by Catherine Roberts
Catherine is serving this year as associate producer at Interfaith Voices, a public radio show about religion.
Every night before I go to sleep, as my head hits the pillow, I think, Dear God…
For most of my life, I followed that thought with a prayer. Usually I would try dutifully to pray as I was taught in Catholic elementary school, incorporating praise, thanksgiving, repentance and petition.
In middle school and high school, most of my prayers were petitions: “Dear God, Please let me make friends at my new school.” “Dear God, Please let me get into a good college.” “Dear God, Please don’t let my boyfriend break up with me.”
In college, I still offered plenty of petitions (“Please make me a nicer person.” “Please let me not fail differential equations.” “Please let me wake up tomorrow and find my term paper miraculously finished.”). But I also started asking a lot of “why” and “how” questions: “Why can’t I find fulfilling friendships inside the Catholic student community?” “How can you expect me to adhere to what the Church says a woman should be?” “How can you be a loving God and still condemn some of the people you created?”
Sometimes I wouldn’t bother to get past the “Dear God.” Sometimes I would be too tired from studying or partying or putting together that week’s newspaper, and I’d just fall asleep instead.
Three quarters of the way through my Loretto Volunteer year, I never get past the “Dear God.” My head says it out of muscle memory before the rest of my brain catches up.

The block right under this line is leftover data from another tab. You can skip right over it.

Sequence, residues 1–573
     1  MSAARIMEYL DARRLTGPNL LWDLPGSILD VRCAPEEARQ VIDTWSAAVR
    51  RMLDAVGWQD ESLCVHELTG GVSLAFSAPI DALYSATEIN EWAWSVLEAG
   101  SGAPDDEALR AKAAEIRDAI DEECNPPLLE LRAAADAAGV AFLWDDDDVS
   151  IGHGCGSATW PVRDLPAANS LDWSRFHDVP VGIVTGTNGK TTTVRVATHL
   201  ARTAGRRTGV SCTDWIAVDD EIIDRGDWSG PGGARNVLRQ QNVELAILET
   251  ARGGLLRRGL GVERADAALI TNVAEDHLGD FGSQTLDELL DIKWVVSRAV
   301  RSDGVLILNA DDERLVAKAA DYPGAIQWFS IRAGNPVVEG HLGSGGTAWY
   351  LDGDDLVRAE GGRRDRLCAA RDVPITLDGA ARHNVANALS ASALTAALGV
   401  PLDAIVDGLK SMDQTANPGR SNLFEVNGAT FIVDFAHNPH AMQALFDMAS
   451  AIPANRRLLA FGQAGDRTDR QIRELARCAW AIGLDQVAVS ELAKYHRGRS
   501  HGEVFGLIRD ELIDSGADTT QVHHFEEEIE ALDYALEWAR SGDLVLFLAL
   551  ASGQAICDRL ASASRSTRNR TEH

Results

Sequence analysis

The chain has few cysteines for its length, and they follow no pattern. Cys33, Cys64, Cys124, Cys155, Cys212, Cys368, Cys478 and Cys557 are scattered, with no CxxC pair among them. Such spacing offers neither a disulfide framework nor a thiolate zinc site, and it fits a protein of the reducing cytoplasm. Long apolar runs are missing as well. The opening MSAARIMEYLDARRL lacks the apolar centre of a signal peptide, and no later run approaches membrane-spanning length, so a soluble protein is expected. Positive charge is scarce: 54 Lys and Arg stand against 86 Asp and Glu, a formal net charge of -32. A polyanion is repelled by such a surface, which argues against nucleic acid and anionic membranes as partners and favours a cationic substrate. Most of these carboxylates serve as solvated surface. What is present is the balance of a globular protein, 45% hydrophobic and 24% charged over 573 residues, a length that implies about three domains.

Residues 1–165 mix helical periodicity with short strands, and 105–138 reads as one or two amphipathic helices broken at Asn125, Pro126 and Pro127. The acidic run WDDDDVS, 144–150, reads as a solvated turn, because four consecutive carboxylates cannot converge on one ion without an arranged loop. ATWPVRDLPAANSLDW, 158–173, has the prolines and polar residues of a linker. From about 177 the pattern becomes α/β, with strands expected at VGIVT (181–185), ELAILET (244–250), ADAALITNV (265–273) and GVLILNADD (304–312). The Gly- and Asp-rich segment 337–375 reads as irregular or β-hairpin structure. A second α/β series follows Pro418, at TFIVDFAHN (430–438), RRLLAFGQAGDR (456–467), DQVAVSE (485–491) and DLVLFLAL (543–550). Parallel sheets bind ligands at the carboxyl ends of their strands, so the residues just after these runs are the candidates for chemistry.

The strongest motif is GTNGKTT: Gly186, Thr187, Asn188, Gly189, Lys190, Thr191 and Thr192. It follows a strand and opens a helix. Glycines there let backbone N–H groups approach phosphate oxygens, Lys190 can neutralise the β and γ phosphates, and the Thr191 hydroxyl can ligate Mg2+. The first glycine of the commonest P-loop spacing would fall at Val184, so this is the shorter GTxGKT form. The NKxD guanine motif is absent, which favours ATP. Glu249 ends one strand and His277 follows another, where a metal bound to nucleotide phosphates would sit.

The reason for this is both the biggest gift and the biggest challenge this program has offered me.
Experiencing the Loretto community has allowed me – and it feels like, finally – to embrace those Whys and Hows. I have finally allowed myself to let go of the assumptions underlying those questions: That my most fulfilling relationships should be within the conservative Church community. That God expects what the Church hierarchy expects of me as a woman. That God condemns.
But letting go of those (and many, many more) assumptions for me also means letting go of everything I told myself that God is. And that includes a heavenly father figure who hears my request for an A in DiffEq and acts upon it (even presumably in a way I don’t understand). Once that is gone, what is left? Certainly nothing to which it makes sense to say prayers of praise, thanksgiving, repentance or petition.
A recent guest on Interfaith Voices described himself as an “Apathist.” He doesn’t know whether God exists, but more importantly, he doesn’t particularly care. The question of God’s existence doesn’t strike him as an interesting problem.
I like this idea. For this guest, an evolutionary biologist, an interesting problem is how to explain moral behaviors observable in some animals. For me, an interesting problem is how to ensure all members of our society are able to live with dignity. Facing that kind of challenge, sometimes – often – I don’t particularly care whether God exists, or what God’s nature is. It’s not a question I suspect that any human has the capacity to answer conclusively, and especially not for anyone but themselves.
So when my head automatically says Dear God before I go to sleep, I stop myself, because it seems laughable to continue that sentence before something so incomprehensible, something I’m not even sure I believe is there.
Frankly, all of this appeals to my own propensity for cynicism. And it’s refreshing to allow myself to dwell for a while in that headspace.
I do hope that my sense of spirituality will eventually evolve beyond cynicism. With every interview we conduct on the show, I glimpse another person’s perspective on God or understanding of the divine. It’s helping me to rebuild my own spiritual life one tiny piece at a time.
And as scary as it is to lose the handholding God who frowns if I miss church and nods approvingly when I say a prayer nine days in a row, it also feels, somehow, right.
It feels like growing up.
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